Combating the Opioid Crisis
Nearly 3,000 Texans died of an opioid overdose in 2016. The opioid crisis is wreaking havoc on families and communities all across America. Hundreds of thousands of American lives have been cut short by prescription drug abuse. That is why I’ve made combating this crisis a top priority.
After months of bipartisan dedication, Congress recently passed bipartisan legislation to combat the opioid crisis. H.R. 6, the Substance Use-Disorder Prevention that Promotes Opioid Recovery and Treatment (SUPPORT) for Patients and Communities Act, is a bipartisan win that will help in our efforts to combat the opioid crisis. This important legislation will advance treatment and recovery initiatives, improve prevention, protect our communities, and bolster our efforts to fight deadly illicit synthetic drugs like fentanyl.
During the August district work period, I asked to meet with a group of Fort Worth firefighters. They wanted to discuss the tragic, ongoing opioid epidemic. The drug epidemic has greatly increased the number of calls they make each month and the dangers they face on each visit. Like our police, the firefighters place themselves in danger with every encounter they face when the call puts them face to face with someone coming out of self-induced drug overdose. Opioids may be the worst illegal drug issue we have faced yet.
The legislation the House passed last week will help these firefighters and others fight the opioid crisis by creating better prescription guidelines for medical professionals. It will protect seniors from opioid dependence and overuse, as well as improve access to non-addictive pain medication and treatment. The legislation cracks down on illicit foreign drug producers who use international mail to ship dangerous synthetic drugs into the United States and ensures that mental health professionals have the latest technology to better serve patients and expands access to treatments in small towns and rural communities. H.R. 6 also makes it easier for doctors, advocates, and local governments on the front lines of the opioid crisis to receive federal resources and gives patients access to a wider range of treatment options so that they can receive tailored care suited to their specific needs.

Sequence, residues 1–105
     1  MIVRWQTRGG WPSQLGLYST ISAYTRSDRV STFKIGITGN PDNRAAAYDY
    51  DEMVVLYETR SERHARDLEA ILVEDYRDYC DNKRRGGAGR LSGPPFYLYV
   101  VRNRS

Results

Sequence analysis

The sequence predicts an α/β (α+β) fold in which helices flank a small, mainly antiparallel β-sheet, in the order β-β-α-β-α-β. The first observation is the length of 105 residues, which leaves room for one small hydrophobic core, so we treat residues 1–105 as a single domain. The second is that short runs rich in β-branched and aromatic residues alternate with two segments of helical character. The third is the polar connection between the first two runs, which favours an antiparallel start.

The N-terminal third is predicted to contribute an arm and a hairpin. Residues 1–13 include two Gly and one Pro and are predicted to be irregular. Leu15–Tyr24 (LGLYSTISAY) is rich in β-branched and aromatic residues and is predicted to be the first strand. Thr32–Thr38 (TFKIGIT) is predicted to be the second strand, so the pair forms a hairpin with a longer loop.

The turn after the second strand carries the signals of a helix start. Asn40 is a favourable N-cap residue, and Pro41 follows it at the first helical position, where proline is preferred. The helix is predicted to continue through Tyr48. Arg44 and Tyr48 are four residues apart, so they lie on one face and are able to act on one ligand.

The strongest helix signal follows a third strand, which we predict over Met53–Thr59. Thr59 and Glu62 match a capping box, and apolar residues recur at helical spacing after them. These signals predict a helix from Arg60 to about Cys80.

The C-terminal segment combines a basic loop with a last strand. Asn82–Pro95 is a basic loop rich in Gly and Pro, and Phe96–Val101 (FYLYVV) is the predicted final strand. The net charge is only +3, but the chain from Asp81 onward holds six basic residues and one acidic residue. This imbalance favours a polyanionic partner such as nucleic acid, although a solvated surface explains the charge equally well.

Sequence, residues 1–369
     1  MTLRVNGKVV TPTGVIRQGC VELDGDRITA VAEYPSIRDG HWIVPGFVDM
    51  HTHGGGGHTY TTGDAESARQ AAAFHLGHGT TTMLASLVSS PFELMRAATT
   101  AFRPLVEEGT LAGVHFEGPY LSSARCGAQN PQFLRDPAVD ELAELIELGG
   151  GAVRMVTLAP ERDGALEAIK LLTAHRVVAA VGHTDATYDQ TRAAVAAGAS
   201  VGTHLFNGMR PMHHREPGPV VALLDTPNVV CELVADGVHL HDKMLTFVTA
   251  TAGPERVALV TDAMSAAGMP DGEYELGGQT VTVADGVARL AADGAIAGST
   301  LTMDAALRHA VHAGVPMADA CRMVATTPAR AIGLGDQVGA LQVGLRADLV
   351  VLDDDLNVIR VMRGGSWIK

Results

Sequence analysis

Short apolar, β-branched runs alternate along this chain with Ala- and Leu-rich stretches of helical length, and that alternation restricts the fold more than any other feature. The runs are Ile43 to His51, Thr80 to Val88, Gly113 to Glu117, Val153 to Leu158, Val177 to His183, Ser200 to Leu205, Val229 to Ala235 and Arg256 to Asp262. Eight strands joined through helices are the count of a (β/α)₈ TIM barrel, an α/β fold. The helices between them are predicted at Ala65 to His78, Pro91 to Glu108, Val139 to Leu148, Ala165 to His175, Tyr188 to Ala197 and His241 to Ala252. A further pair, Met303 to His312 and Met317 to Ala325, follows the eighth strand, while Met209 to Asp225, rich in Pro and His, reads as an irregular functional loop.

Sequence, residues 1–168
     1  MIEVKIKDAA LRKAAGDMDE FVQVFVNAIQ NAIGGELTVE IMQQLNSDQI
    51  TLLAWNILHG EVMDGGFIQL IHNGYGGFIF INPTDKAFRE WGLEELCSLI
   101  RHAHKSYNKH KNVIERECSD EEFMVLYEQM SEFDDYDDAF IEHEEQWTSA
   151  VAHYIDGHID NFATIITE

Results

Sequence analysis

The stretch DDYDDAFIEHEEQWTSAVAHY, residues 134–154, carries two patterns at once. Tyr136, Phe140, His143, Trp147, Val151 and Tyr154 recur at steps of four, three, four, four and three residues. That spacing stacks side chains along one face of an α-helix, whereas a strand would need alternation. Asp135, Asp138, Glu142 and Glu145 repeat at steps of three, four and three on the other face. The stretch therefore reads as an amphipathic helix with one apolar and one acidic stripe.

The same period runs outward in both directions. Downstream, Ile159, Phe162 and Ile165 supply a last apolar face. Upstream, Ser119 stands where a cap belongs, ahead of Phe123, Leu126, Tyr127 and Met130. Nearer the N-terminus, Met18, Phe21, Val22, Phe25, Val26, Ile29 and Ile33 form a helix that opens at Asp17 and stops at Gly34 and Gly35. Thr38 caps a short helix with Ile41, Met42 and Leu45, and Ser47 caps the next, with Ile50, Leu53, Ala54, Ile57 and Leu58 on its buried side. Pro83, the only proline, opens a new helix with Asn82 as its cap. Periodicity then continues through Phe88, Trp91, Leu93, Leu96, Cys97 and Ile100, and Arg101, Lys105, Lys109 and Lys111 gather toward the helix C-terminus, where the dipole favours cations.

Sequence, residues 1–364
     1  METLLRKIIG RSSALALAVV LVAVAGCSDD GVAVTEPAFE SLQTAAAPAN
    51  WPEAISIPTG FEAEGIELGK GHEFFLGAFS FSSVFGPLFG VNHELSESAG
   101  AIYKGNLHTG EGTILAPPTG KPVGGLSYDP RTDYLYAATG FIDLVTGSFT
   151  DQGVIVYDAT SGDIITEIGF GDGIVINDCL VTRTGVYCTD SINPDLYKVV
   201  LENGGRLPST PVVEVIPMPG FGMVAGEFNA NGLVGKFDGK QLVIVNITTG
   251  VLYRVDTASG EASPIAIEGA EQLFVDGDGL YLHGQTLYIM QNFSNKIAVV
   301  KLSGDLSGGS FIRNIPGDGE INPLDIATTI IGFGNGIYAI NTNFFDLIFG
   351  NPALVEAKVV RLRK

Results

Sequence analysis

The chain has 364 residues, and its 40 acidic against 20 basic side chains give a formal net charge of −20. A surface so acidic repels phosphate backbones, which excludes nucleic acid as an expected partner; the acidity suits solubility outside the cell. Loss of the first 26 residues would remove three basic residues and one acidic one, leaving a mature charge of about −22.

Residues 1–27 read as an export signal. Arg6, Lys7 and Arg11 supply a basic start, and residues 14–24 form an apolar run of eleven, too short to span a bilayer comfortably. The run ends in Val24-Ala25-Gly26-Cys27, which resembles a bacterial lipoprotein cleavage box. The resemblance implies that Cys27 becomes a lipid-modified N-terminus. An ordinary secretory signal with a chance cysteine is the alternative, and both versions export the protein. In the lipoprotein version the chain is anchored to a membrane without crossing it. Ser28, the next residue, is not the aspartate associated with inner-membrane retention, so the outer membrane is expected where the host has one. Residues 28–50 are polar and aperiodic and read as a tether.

Congress has also acted to provide sufficient resources in the battle against opioids. For example, in the latest round of government funding, we included nearly $7 billion to tackle this scourge on our country. This includes $5.7 billion for the Substance Abuse and Mental Health Services Administration, a $584 million increase. This will fund activities authorized under the 21st Century Cures Act and other addiction and recovery programs. The legislation also provides increases for State opioid response grants and criminal justice programs such as drug courts.
October is National Substance Abuse Prevention Month. During this time, we recognize the importance of ending and preventing substance abuse. This is important because our community must remain vigilant in raising awareness about the harms posed by drugs of all kinds and their high potential for addiction. Just last week, for example, the sheriff of Wise County came to see me to talk about how high the methamphetamine usage was. I told him I would work to allow funds to be used for both, as well as for other substance abuse issues.
Our country is reeling from the enormity of an opioid epidemic that has resulted in huge numbers of overdose fatalities, an influx of children in foster care, and too many families forever changed by the addiction or death of a loved one. The legislation that President Trump will soon sign will help save lives and change communities for the better.
Through our united advocacy and awareness efforts on the horrific dangers of substance abuse, we can cultivate a society focused on health, wellness, and prosperity.
Member of Congress